A Possible Early Return of the Employment Expense Deduction

In 2018, the Tax Cut and Jobs Act (TCJA) suspended deductions for unreimbursed items like uniforms, licenses, continuing education: and for those traveling for work, meals, mileage, and lodging in excess of reimbursements. These were set to return in the 2026 tax year.

Over a year ago (4/15/21), the Tax Fairness for Workers Act was introduced in both the House (HR 2549) and the Senate (S 1157) in an effort to brings these provisions back sooner. The bills would return employment related expenses as an itemized deduction and additionally, allow a direct deduction for union dues. In recent months, both bills have gained a significant roster of co-sponsors – 59 in the House and 17 in the Senate including Senators Schumer and Sanders.

Our take

With an election year looming, the Democrats will look to score some points with the blue-collar working class. All of the co-sponsors of the Bill are Democrats (Sanders in an independent but caucuses with the Democrats). Prior to TCJA, truckers, traveling healthcare providers and others who had to pay for their own travel and work expenses derived a significant benefit from these deductions. However, the return of these deductions is more eye candy than real substance as TCJA doubled the standard deduction so that fewer taxpayers would need to “itemize”. A taxpayer “itemizes” deductions when the combination of the medical, state / local taxes, charity, mortgage interest exceeds the standard deduction. If the bill passes, employment expenses will now be added to that list. The union dues deduction will have a more significant impact as it is not an “itemized” deduction but a direct deduction against taxable income. Previously, before TCJA, it was an itemized.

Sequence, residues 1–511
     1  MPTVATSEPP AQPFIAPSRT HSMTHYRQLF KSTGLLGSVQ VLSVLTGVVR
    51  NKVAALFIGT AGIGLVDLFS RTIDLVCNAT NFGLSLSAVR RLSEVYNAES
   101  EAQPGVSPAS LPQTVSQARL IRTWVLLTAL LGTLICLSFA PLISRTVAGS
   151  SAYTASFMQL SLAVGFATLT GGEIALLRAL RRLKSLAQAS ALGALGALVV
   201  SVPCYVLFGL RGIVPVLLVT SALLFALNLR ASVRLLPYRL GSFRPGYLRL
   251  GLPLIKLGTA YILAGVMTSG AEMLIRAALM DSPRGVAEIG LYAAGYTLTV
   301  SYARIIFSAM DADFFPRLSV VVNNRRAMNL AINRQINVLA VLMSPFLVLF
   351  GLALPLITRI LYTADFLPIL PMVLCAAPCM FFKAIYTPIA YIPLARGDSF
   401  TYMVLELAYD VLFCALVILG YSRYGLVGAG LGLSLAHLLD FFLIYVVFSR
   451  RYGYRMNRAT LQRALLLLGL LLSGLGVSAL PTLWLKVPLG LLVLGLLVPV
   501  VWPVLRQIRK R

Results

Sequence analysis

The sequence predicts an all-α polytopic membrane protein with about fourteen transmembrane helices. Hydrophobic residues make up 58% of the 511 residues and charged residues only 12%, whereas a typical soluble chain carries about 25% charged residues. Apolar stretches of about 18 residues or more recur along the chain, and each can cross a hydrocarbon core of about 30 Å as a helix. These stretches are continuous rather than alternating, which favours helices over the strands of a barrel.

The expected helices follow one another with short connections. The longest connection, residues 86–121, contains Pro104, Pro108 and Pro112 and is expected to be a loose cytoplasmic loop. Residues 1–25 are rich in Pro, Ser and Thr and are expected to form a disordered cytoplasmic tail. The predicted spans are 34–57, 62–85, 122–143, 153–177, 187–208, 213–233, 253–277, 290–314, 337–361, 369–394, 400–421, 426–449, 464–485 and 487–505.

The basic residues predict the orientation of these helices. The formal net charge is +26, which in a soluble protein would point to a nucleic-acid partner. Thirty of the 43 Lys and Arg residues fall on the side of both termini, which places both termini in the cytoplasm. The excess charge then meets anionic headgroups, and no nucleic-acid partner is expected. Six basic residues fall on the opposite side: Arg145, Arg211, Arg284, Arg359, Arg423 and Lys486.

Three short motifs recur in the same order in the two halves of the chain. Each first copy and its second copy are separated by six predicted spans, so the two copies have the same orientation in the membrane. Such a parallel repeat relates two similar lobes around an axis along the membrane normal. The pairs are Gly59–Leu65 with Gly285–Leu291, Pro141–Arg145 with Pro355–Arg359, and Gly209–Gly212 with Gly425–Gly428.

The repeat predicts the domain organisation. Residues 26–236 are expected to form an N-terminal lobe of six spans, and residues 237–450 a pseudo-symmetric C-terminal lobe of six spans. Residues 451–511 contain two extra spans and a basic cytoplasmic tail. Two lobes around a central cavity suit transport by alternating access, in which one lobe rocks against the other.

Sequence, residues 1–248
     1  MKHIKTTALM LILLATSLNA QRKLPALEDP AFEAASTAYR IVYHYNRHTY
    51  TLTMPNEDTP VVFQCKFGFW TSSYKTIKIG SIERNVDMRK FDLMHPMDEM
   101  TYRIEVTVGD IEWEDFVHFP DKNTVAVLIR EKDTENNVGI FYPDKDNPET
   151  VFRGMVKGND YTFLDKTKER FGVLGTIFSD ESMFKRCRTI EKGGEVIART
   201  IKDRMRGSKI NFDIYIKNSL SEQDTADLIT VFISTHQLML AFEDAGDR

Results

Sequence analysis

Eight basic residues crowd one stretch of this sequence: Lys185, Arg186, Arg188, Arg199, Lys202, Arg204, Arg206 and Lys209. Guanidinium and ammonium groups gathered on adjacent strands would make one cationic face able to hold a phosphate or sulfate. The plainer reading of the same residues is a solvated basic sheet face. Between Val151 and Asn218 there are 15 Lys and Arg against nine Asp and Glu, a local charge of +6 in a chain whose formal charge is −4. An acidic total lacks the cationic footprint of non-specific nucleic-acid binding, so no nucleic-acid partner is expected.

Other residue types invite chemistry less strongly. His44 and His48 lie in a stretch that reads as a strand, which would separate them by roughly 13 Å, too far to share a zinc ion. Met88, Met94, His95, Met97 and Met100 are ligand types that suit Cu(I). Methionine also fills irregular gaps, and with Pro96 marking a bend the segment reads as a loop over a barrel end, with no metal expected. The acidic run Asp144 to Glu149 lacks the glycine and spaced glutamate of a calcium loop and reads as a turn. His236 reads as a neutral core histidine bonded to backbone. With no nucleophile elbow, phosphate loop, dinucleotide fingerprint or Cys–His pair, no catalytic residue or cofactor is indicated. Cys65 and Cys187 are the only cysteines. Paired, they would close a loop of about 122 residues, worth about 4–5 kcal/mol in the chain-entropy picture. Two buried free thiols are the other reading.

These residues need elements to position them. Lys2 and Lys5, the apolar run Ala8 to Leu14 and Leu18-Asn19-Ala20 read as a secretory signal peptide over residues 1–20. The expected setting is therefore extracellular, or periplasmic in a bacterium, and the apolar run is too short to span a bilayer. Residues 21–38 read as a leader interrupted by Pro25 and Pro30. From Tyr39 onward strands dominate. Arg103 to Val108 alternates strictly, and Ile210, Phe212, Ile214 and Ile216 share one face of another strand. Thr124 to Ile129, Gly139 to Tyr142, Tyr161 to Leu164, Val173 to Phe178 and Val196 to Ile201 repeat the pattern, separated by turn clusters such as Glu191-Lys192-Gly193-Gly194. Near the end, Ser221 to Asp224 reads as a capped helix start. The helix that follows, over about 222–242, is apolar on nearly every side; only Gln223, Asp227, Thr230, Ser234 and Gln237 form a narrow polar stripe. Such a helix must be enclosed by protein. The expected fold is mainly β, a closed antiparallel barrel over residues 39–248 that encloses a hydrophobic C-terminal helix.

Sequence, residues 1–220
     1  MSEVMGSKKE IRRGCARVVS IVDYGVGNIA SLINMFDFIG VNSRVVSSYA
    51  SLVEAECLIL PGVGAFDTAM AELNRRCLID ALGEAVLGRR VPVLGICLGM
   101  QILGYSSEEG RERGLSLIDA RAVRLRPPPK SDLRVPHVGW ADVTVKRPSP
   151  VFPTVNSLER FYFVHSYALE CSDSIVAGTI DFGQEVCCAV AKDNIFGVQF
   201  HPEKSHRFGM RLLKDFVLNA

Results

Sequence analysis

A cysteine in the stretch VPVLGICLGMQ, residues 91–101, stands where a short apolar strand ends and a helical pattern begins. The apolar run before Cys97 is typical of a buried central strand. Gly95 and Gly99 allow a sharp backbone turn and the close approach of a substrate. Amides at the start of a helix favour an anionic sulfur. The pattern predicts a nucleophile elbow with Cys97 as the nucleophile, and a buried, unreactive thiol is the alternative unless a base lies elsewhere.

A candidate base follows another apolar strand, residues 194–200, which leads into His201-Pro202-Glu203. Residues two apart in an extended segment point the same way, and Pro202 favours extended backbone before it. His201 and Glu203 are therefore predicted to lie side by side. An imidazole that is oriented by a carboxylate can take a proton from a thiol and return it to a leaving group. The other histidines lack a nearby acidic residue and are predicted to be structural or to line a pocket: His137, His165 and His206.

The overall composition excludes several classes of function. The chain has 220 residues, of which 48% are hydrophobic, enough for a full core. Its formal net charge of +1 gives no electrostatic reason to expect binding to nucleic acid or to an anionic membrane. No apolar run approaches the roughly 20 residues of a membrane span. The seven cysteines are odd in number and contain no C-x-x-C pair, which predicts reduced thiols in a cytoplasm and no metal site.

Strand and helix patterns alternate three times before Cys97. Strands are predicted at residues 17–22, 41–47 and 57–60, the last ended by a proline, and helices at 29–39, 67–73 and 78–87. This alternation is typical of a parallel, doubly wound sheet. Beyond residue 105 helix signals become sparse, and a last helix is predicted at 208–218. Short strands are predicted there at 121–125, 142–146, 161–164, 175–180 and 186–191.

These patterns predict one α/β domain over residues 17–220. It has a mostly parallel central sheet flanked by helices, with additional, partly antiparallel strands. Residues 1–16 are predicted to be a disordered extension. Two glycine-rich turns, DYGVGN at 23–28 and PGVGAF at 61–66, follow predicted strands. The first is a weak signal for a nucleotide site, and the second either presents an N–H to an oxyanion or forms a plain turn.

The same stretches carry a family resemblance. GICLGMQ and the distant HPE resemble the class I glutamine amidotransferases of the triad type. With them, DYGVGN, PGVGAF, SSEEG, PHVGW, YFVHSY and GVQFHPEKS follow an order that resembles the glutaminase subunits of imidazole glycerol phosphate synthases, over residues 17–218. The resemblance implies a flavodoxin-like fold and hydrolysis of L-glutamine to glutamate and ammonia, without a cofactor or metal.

Who will benefit?

Since the standard deduction is a high hurdle to clear (over 12K for singles and 24K for married), the individuals that will likely benefit are ones with notable mortgage interest deductions and real estate taxes in ADDITION to their job expenses. Union dues only apply to a smaller percentage of taxpayers, so the benefit is narrower and targeted.

A better way

It would be better if these expenses were allowed as regular deductions like the proposal for union dues, however the historic abuse would need some hurdles to clear to make it sustainable. That unfortunately is not likely to happen as the reason for the changes in TCJA was to shift the burden to the employer.

If you want to follow the progress of these bills, www.congress.gov is a website that allows you to receive alerts when any bill has a change or progress

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